The air we suck down is mostly made up of nitrogen, with a generous helping of oxygen, and a dash of carbon dioxide.

We can only speculate about some of the compounds and elements that are in this soup.

One of the mysteries came into focus. Chemists have shown that a class of compounds called organic hydrotrioxides exist in the atmosphere, and while they last only a short time, they could have effects we don't know about.

The researchers calculated that you took up a few billion molecules of them while reading this.

Exactly what this means for your health, not to mention the health of our planet, is up in the air. It is worth looking into, given that we have just discovered this new ingredient in Earth's atmosphere.

"These compounds have always been around, we just didn't know about them." says Chemist Henrik Grum Kj.

It is possible to study the effect of compounds if they turn out to be dangerous, because we now have evidence that they are formed and live for a certain amount of time.

In chemistry, the addition of a single new component can change how a material behaves.

For example, take water. Organic chemistry can mix and swirl into an evolving phenomenon we call life, thanks to the way its pair of hydrogens and single oxygen interact.

Adding just one more oxygen can cause hydrogen peroxide to tear living chemistry apart.

The result is hydrotrioxide, if you stick one more oxygen onto it. To make it, you need the right equipment, some saturated organic compounds, and some dry ice.

It is not the kind of party trick you would use to liven up a margarita, but chemists have used it to make various other substances.

Being highly reactive, there is an open question as to whether hydrotrioxides can form stable structures in the atmosphere.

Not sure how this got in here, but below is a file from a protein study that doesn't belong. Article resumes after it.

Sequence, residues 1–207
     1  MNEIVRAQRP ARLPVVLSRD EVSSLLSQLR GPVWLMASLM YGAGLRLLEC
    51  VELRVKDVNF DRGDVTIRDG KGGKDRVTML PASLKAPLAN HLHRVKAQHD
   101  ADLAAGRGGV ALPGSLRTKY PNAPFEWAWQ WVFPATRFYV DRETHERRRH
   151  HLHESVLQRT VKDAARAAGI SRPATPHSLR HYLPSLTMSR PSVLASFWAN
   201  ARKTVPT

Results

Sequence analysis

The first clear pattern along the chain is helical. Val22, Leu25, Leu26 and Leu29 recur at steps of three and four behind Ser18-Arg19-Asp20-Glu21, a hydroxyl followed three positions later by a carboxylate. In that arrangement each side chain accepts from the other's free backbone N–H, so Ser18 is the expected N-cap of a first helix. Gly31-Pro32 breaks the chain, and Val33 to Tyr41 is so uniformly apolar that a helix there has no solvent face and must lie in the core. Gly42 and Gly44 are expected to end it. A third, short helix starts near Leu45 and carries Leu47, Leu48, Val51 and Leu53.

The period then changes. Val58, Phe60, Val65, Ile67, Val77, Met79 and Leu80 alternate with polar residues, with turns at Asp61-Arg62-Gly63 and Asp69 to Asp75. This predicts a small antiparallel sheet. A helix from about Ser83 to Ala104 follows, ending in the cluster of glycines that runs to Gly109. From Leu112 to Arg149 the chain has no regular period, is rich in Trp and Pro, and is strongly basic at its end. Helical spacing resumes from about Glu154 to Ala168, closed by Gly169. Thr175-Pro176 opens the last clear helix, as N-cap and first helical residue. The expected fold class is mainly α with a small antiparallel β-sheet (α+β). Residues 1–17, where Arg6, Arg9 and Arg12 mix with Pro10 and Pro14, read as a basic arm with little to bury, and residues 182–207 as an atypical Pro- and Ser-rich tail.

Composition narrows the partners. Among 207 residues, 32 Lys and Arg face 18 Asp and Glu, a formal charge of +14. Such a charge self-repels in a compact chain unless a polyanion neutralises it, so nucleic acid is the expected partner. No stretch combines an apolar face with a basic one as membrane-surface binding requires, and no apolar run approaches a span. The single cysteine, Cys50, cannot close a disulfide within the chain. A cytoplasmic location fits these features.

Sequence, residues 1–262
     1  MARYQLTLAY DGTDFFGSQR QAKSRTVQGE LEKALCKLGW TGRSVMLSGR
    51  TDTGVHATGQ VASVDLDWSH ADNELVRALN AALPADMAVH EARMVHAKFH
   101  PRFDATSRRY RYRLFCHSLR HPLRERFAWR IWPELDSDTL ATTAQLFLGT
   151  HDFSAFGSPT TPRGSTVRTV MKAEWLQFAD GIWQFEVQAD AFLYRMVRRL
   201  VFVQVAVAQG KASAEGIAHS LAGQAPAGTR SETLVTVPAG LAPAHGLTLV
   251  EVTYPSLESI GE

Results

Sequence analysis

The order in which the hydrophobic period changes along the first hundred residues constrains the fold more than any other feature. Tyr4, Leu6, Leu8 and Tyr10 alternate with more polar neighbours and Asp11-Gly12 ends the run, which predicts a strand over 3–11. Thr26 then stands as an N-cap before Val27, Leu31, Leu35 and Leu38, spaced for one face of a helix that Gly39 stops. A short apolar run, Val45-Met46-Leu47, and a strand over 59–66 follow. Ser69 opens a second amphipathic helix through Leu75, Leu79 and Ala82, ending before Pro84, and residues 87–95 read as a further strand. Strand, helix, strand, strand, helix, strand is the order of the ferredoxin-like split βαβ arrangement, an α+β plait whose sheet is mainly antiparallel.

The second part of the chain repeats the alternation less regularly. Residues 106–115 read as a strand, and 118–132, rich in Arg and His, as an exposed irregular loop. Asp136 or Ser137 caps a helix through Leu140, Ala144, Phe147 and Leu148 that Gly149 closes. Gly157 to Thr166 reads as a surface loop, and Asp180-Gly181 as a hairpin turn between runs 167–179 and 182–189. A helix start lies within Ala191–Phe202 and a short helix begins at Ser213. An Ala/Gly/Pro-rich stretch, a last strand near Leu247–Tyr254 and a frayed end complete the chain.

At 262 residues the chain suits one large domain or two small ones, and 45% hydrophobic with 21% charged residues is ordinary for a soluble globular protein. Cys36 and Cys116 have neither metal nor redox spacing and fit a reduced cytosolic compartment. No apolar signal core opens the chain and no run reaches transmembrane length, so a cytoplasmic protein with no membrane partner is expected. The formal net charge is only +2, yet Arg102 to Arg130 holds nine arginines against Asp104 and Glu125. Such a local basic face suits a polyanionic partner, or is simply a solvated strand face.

It is also an academic point of speculation. The way trace materials interact with each other in our atmosphere has a huge impact on how our atmosphere operates.

Most human activity causes emission of chemical substances into the atmosphere. Knowledge of the reactions that determine atmospheric chemistry is important if we are to be able to predict how our actions will affect the atmosphere in the future.

The first direct observations of hydrotrioxide forming under atmospheric conditions from several substances known to be present in our air have been provided by the team.

They were able to study how the compound is likely to be synthesised, how long it sticks around for, and how it degrades.

10 million metric tons of hydrotrioxide can be generated each year by one emission called isoprene.

That is just one possible source. According to the team's calculations, just about any compound could play a role in the atmospheric formation of hydrotrioxides, which remain intact for anywhere between a few minutes to a few hours.

In that time, they can participate in a number of other reactions as a powerful oxidant, some of which could be sheltered inside tiny particles drifting on the winds.

It is easy to imagine that new substances are formed in the aerosols. Further investigation is needed to address the potential health effects.

Knowing how aerosols grow or degrade could change how we model our climate.

The role hydrotrioxides play in the atmospheric cocktail will be examined further. It is just the beginning according to University of Copenhagen researcher Jing Chen.

Chen says the air surrounding us is a huge tangle of complex chemical reactions.

If we want to get better at finding solutions, we need to keep an open mind.

Science has published this research.